This brief poll did not generate participant comments about why people choose to wear a mask or not, so the 92% of NDs who willingly wear masks always or mainly could be because of the authenticity and/or it could, as reported by Clegg and colleagues (2023), be a matter of appreciating the reduced need for social masking (altering behaviour to appear more neurotypical) when wearing a facemask. Anecdotally, I discovered that I can interact on online platforms for much longer before anyone notices there might be something wrong with me, which has made remote working and learning all the more desirable, but I haven't noticed any benefits from wearing a mask in public. Furthermore, trying to get others to mask when remote meetings are not possible has led to the most profound ostracization I have ever experienced. Being autistic has always set me apart from others, and now wearing an N95 adds to that isolation in in-person interactions. If the internet ever goes down, I am so fucked.

Overt authenticity and less concern around public opinion in the ND population can sometimes be embarrassing for NT friends or family who are seeking social connections through similarity. As many in the Covid-conscious community have found, once mandates were lifted, wearing an N95 in public can result in ostracization or humiliation from random people on the street, possibly in a quest for the comfort of social cohesion and conformity. Many ND people have already experienced degrees of the same behaviours from peers throughout their lives, which could have opposing effects: either traumatize them into conformity or inoculate them against acknowledging further harassment. At this point in our survival, the divergent, minority behaviour of wearing masks inside public places is necessary for long term survival but could risk the loss of in-person social cohesion as long as leadership is too cowardly to take a stand in favour of protecting the public. Given the greater proportion of mask wearing behaviour in the ND population, it might be the case that the ND shall inherit the Earth.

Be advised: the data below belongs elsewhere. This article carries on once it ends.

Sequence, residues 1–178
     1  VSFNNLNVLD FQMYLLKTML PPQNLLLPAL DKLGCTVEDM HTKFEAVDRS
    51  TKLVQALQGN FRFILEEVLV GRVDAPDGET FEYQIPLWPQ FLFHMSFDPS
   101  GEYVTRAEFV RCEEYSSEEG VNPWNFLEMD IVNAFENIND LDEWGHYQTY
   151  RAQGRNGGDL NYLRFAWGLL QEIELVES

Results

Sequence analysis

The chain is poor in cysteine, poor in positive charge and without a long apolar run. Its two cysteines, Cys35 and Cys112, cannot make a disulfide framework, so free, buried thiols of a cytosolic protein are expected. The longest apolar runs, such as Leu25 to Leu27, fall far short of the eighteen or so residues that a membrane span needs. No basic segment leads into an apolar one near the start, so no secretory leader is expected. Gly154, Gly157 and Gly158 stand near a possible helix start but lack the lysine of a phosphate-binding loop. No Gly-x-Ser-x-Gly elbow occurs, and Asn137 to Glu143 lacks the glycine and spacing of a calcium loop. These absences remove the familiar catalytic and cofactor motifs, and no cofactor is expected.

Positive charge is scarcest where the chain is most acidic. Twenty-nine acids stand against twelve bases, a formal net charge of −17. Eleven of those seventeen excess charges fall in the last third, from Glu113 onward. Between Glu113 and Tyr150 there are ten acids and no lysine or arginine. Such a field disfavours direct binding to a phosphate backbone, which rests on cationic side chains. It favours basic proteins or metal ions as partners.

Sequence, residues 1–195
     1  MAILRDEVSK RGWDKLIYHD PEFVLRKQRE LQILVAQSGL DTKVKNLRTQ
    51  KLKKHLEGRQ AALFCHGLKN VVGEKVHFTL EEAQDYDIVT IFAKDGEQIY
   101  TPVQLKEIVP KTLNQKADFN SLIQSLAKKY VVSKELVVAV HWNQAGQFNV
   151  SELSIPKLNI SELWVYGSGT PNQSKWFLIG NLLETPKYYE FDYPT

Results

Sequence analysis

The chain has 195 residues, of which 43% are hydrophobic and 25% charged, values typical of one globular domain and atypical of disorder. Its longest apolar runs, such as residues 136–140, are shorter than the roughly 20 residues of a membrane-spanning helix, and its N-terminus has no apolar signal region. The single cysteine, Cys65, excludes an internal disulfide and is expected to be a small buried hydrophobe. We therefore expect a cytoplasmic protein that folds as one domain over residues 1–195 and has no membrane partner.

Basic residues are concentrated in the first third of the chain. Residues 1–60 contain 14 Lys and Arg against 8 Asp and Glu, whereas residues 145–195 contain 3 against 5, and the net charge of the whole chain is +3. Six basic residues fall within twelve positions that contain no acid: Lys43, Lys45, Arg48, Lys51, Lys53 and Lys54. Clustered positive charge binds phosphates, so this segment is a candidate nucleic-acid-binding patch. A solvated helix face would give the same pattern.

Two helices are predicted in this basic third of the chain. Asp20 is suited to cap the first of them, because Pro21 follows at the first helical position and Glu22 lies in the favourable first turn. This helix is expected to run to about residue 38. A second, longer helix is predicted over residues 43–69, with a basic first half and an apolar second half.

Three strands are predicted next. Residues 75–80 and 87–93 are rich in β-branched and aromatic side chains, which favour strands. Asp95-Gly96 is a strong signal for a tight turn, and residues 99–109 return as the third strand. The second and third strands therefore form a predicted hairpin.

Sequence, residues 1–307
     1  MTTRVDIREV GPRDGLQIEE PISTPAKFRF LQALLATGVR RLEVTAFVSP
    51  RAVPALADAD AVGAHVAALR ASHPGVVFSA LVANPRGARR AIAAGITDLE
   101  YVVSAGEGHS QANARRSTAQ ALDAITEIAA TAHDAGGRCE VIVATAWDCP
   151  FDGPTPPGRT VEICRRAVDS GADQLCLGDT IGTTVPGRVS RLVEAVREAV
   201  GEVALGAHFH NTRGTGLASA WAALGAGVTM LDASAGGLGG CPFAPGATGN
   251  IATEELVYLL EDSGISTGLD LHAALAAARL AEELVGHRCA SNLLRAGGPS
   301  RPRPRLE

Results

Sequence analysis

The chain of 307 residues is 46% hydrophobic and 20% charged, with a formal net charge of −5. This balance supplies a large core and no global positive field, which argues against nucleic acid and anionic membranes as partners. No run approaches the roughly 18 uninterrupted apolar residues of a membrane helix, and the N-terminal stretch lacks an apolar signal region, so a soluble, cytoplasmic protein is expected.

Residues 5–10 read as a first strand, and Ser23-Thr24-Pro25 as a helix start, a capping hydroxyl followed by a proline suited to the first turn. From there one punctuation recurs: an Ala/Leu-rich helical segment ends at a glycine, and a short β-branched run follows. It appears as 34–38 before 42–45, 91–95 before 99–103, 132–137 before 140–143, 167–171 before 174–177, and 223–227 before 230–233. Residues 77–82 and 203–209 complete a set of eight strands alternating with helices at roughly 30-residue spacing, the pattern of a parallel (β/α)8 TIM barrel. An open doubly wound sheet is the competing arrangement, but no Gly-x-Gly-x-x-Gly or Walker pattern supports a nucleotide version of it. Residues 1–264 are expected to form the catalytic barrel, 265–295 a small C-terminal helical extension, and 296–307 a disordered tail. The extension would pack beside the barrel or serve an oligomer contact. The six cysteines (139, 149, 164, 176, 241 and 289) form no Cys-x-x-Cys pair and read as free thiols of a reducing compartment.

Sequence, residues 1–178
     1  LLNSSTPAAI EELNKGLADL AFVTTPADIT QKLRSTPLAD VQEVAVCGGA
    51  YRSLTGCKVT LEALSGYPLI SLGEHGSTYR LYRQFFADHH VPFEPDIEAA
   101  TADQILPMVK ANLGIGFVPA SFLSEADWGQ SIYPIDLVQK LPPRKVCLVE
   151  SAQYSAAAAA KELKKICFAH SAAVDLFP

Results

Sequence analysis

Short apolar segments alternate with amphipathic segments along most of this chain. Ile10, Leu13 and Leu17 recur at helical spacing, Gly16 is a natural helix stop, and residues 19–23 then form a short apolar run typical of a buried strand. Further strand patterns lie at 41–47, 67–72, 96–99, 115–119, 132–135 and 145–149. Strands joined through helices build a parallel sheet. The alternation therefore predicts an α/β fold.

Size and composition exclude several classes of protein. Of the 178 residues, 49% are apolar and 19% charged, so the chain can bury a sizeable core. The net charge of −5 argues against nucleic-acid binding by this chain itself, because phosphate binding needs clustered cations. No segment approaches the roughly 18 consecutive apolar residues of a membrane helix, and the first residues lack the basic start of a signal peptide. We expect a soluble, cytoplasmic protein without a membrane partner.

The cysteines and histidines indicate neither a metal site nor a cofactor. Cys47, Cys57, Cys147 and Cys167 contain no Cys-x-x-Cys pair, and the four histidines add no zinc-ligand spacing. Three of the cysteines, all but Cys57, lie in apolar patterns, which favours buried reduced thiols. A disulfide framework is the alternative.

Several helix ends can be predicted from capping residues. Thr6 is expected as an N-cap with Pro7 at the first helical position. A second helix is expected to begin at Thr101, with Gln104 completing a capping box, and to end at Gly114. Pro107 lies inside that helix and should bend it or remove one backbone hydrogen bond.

Clegg, A., Wood, J., Hobson, H. & Sedgewisk, F. (2023, July 17). Facemask wearing and interacting with masked individuals. Autism in Adulthood.

Lucy [@lucyveepee]. (2023, December 13). Really, though, why are neuro atypical Ss (#autism, #ADHD, (C)PTSD) so over represented in the #CovidConscious Community? #Covid #LongCovid [X Post]. X. 

Snyder, M. [@MarieSnyder27]. (2023, December 13). Mini-study on how NT/ND affects mask wearing: Do you still wear a mask at all? Respond to this poll [X Post].

Warrier, V., Greenberg, D. M., Weir, E., Buckingham, C., Smith, P., Lai, M., Allison, C., & Baron-Cohen, S. (2020, August 7). Elevated rates of autism, other neurodevelopmental and psychiatric diagnoses, and autistic traits in transgender and gender-diverse individuals. Nat Commun 11, 3959.

Weir, E., Allison, C., & Baron-Cohen, S. (2021, September 18). The sexual health, orientation, and activity of autistic adolescents and adults. Autism Research 14:11, 2342-2354.


Cap said...

"Combined, 92.1% of ND participants and 85.7% of NT participants wear masks always or mainly." I had the same reaction as you - WTF? Where are these people? I was at a large indoor gathering this morning along with hundreds of other people. Other than me, there were only a handful of people wearing masks. Ironically, many people were talking about how they or their kids were sick without putting two and two together.

It would have been interesting to look at autism vs. NT, rather than grouping autism with other forms of ND. ADHD, another form of ND, is associated with increased risk taking, so these people may be less likely to wear masks. Putting them together muddies the waters. This is the trouble with umbrella terms like ND, BIPOC or 2SLGBTQIA+, which lump disparate groups together whose only common feature is that they have some characteristic outside the statistical norms for the general population. It's hard to draw conclusions from such rough measures.

Marie Snyder said...

Yes it would be interesting to tease apart what NT looked like, but that would be outside the scope of the limitations of twitter polls. I could do a full-on survey, though. It would be better if I could be a more randomized audience to take it. Absolutely it's hard to draw any real conclusions with this - except what I already knew, which is that I'm preaching to the choir whenever I tweet about wearing N95s!